More than 420 Marines on two Navy ships are preparing to head to the Caribbean if called upon to respond to Hurricane Matthew, and a portion of the Marine Corps unit working in Central America is already in Haiti.
About 100 Marines and soldiers arrived in Haiti Wednesday night with two Marine CH-53E Super Stallions, four Army UH-60 Black Hawks and three Army CH-47 Chinooks, U.S. Marine Corps Forces South spokesman Maj. Armando Daviu told USNI News. The Marines are part of the Special Purpose Marine Air-Ground Task Force (SP MAGTF) Southern Command, and the soldiers are from the Joint Task Force-Bravo, both headquartered at at Soto Cano Air Base, Honduras.
The Marines and soldiers have been unloading their equipment in Haiti and are expected to begin disaster relief operations tomorrow, Daviu said. The U.S. Agency for International Development’s (USAID) Office of U.S. Foreign Disaster Assistance (OFDA) began the early work of identifying the hardest hit areas and regions that have been cut off due to damaged bridges and roads, Daviu said. In Haiti, southern regions of the island nation have been completely cut off from the capital of Port-au-Prince, meaning military helicopters are the only way to reach residents there.
OFDA prepositioned aid supplies on the island before the storm hit, and the Marines and soldiers operating from near the Port-au-Prince airport will begin delivering the supplies tomorrow.
Meanwhile, depending on the damage the hurricane causes while passing through the Bahamas en route to Florida, the Navy and Marine Corps have readied two ships and 420 Marines. Aircraft carrier USS George Washington (CVN-73) left Norfolk, Va., Tuesday with 171 Marines and five MV-22 Osprey tiltrotors in anticipation of being called upon for a humanitarian assistance mission, Marine Corps spokeswoman 1st Lt. Danielle Phillips told USNI News. Amphibious warship USS Mesa Verde (LPD-19) was set to leave yesterday with 250 Marines and three CH-53E heavy-lift helicopters. The Marines aboard these two ships come from the 24th Marine Expeditionary Unit out of Camp Lejeune, N.C.
Phillips said amphibious assault ship USS Iwo Jima (LHD-7), which left Naval Station Mayport, Fla., to ride the storm out at sea, would replace Mesa Verde as the amphibious ship accompanying the aircraft carrier, if called upon, though it is unclear at this time whether the Marines already aboard Mesa Verde would fly to Iwo Jima or if different Marines would deploy instead.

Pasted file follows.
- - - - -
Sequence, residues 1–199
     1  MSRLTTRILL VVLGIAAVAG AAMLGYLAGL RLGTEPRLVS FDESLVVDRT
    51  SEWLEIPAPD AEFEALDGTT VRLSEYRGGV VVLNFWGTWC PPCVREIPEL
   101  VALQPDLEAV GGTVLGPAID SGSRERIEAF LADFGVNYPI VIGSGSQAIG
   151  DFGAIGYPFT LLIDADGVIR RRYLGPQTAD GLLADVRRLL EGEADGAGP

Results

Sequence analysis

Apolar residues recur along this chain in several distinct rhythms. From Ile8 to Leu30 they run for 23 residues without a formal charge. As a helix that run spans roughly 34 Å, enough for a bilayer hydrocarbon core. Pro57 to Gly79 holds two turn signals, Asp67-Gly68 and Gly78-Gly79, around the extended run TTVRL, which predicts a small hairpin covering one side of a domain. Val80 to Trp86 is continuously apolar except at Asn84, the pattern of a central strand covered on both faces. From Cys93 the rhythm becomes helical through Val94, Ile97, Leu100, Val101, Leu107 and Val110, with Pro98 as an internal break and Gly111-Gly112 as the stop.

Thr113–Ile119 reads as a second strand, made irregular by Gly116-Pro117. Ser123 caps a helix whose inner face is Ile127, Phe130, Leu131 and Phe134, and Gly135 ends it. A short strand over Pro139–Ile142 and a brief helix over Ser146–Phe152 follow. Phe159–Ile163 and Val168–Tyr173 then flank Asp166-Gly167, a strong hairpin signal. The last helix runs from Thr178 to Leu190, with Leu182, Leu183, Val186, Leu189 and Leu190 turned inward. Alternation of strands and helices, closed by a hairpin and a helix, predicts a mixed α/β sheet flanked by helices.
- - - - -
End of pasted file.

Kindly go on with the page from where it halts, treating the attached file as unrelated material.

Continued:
Marine Corps spokesman Maj. Clark Carpenter added that the 24th MEU Marines who boarded Mesa Verde primarily came from the engineer and logistics community.
So far Haiti is the only country that has requested assistance through the U.S. State Department and USAID, SOUTHCOM Commander Adm. Kurt Tidd said in a press conference yesterday, according to a press release.
Daviu said the SP MAGTF Southern Command was created with hurricane response in mind. The group deployed for the first time last year from June through November with active component Marines, and this year’s hurricane season deployment brought together reservists from multiple states. While the aviation component flew to Haiti to assist in the disaster relief mission there, engineers are still in Honduras building schools and a hospital in remote regions of that country, and other Marines from the MAGTF are elsewhere in Central America training partner militaries on counter-trafficking and other missions. Daviu said the 300-Marine force spread out in five countries is doing exactly what it was designed to do – responding to crises and supporting partner nations.
SOUTHCOM’s Joint Task Force-Bravo consists of about 600 U.S. servicemen and women and about 600 American and Honduran civilians at Soto Cano Air Base. “JTF-Bravo organizes multilateral exercises and supports, in cooperation with our partner nations, counter transnational organized crime, humanitarian assistance/disaster relief, and building partner capacities to promote regional cooperation and security in the Caribbean, Central America, and South America,” according to the JTF’s website.